Northern Brewer will work just fine. Your dosage sounds pretty good but I recommend increasing your dosage rates for your flavor addition and add an aroma addition at flameout using all Northern Brewer. This will come close to Anchor Steam Beer.

1oz @ 60min
1 1/2oz@10min
1 1/2oz @ flameout

Normal sulfate level is 50-150ppm which will lend a somewhat bitter profile but not excessive. So your water is below the standard level for normally bitter beer which is okay for making beer, you will have to adjust your hopping rates accordingly to your tastes.
Ron Price

Offline gmac

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Re: Hopping a California Common
« Reply #9 on: April 07, 2011, 11:29:38 AM »
After all this I still screwed it up.
Added 30g at 60 and then thought Bluesman was suggesting 1.5 oz at 20-30 but that's not his.  So I added 45g at 25 and I guess I'll add another 45 at 5 mins.  Should give me a bit of flavour and aroma, not quite as much aroma as at flamout perhaps. We'll chalk this up to try to brew during the work day and getting distracted.  Next time I'll write out the intended hop schedule on a peice of paper.  Live and learn and drink.

Offline Kit B

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Re: Hopping a California Common
« Reply #10 on: April 07, 2011, 11:39:35 AM »
I've been researching this a little, as well.
The BJCP Guidelines say to use Northern Brewer & I've heard folks say that NB is the absolute one to use.
On the other hand, I've seen several recipes that include Cascades.
Now...If I was to go with a historical re-enactment of the recipe, from the late 1800s & early 1900s, Cascade would not be an option, since it was not released until sometime around 1981 (I think).
In fact...NB were not available until 1934.
So...
Does anyone have recommendations/ideas for which hop breeds may have been used, in the late 1800s?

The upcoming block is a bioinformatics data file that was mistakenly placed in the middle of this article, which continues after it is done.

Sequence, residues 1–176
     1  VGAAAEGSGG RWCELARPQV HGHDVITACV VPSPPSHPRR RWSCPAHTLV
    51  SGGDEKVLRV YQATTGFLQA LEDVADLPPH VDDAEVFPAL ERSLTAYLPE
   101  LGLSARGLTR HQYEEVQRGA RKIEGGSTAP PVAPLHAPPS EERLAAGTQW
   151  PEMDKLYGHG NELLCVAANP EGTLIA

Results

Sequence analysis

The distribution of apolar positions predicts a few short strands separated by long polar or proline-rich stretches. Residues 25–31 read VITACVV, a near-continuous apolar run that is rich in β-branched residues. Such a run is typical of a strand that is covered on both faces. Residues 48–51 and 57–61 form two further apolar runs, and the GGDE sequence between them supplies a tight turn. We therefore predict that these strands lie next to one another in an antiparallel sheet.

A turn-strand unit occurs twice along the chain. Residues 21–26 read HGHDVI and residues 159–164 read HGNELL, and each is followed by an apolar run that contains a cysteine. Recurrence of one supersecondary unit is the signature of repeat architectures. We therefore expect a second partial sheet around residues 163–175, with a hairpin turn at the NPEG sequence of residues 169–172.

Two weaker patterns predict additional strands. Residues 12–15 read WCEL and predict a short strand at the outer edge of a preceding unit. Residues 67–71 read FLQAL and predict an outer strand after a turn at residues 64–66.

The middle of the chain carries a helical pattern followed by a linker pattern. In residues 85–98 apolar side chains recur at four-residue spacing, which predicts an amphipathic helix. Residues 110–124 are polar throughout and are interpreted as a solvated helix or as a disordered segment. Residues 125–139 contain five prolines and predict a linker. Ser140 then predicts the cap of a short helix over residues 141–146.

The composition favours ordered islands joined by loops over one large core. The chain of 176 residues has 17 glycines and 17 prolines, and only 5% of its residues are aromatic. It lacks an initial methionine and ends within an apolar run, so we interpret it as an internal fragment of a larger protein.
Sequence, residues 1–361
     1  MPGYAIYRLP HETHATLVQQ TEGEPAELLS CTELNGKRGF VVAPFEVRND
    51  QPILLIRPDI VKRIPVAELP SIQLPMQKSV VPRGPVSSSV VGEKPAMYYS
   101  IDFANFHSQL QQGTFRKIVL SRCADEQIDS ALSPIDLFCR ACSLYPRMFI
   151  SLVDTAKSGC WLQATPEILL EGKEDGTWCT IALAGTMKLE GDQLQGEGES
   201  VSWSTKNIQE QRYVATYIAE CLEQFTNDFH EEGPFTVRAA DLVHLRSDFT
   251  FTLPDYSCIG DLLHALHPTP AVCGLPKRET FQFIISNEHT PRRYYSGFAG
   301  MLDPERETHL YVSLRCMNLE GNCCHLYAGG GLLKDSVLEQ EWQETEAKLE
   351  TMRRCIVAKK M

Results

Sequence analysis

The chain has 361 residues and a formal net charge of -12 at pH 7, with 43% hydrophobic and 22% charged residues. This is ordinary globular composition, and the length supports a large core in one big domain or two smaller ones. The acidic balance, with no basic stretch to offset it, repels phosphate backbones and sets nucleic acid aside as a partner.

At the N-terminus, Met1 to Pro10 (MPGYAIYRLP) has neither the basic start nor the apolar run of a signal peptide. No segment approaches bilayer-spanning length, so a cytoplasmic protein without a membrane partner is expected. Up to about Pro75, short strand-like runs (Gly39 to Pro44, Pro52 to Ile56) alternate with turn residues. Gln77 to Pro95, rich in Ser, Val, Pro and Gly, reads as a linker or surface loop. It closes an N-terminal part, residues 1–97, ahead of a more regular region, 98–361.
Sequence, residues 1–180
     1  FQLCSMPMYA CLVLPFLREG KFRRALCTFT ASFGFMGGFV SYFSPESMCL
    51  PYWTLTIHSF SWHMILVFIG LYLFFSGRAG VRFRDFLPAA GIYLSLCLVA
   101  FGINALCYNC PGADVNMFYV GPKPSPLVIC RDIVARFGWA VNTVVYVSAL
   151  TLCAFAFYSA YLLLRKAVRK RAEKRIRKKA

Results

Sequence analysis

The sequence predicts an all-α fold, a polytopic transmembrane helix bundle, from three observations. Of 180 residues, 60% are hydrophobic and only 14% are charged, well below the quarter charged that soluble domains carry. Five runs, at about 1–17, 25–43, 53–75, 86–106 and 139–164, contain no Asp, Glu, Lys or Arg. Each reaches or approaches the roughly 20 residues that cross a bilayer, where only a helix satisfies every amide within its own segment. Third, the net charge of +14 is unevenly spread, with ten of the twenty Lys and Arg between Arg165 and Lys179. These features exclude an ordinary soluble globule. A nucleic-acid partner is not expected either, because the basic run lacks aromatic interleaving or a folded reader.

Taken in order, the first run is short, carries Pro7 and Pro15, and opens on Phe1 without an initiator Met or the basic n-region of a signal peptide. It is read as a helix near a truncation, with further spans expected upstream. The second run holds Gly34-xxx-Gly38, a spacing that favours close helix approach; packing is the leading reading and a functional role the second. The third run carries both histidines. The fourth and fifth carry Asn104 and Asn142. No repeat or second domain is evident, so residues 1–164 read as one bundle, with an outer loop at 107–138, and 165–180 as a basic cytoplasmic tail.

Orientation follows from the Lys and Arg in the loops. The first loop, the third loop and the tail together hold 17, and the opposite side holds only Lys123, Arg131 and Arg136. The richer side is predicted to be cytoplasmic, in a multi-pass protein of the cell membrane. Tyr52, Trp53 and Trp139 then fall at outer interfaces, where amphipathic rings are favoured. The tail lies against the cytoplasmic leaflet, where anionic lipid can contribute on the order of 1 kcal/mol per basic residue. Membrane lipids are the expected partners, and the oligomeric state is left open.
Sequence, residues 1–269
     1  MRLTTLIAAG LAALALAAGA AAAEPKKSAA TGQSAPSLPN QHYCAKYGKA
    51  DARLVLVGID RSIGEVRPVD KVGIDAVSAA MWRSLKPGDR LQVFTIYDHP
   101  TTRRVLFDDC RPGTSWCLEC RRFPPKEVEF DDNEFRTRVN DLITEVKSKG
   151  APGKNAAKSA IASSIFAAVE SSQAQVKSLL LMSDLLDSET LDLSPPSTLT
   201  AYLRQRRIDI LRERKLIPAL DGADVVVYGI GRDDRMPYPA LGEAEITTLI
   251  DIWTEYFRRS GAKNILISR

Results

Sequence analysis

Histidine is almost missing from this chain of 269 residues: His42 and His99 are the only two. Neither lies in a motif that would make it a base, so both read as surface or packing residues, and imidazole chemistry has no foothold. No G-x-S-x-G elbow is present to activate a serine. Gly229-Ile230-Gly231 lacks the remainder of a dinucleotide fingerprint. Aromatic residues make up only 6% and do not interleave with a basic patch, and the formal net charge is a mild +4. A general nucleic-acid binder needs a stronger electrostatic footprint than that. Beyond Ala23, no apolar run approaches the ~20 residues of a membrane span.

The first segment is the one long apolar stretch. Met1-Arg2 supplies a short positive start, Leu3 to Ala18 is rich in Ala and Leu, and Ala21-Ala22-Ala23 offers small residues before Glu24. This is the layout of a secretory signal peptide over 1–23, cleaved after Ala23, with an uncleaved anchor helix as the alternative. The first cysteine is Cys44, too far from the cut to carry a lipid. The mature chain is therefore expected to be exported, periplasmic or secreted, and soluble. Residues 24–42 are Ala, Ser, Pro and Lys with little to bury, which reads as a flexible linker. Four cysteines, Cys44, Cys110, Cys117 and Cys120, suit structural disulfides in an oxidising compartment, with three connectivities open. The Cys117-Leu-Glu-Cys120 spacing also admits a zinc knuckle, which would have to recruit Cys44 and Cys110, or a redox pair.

« Last Edit: April 07, 2011, 02:51:26 PM by Kit B »
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Offline Kirk

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Re: Hopping a California Common
« Reply #11 on: April 07, 2011, 03:46:10 PM »
I've found Northern Brewer hops to give a grassy taste that I don't care for at all.  I stay away from them. 
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Re: Hopping a California Common
« Reply #12 on: April 07, 2011, 03:59:26 PM »
For my steam beer, I bitter with NB to around 30-35 IBUs and then make another NB addition at 15 minutes for about 7 IBUs.  I always add between .50 and 1 oz of some citrusy American hop at flameout for aroma.  I don't care what the guidelines say, a citrus nose really works well with steam beer.
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Offline Beer Monger

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Re: Hopping a California Common
« Reply #13 on: April 07, 2011, 04:06:11 PM »
Agreed.  I'm sure I'll make at least a few beers this year that are a bit off-style.  I'm a serious hop-head, so some of my beers are a bit hoppier than the style might call for.  And I absolutely Love the citrusy aroma of Cascade hops. 
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Online morticaixavier

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Re: Hopping a California Common
« Reply #14 on: April 08, 2011, 11:57:34 AM »
I've been researching this a little, as well.
The BJCP Guidelines say to use Northern Brewer & I've heard folks say that NB is the absolute one to use.
On the other hand, I've seen several recipes that include Cascades.
Now...If I was to go with a historical re-enactment of the recipe, from the late 1800s & early 1900s, Cascade would not be an option, since it was not released until sometime around 1981 (I think).
In fact...NB were not available until 1934.
So...
Does anyone have recommendations/ideas for which hop breeds may have been used, in the late 1800s?

As I understand it there are a few historical varieties that are starting to make a comeback in the SF Bay area. Now that the bulk of the north bay wine excitment is dying down (yeah right) some farmers are turning back to hops. I just did a barley wine using Ivanhoe which as I understand it is an heirloom northern CA variety. It is a Cluster hop type which was very common here pre-prohibition. so Cluster type hops would be an area to explore. I wouldn't be suprised if the early german brewers that 'invented' the style used locally grown 'noble' type hops either but I don't know the historical accuracy of that.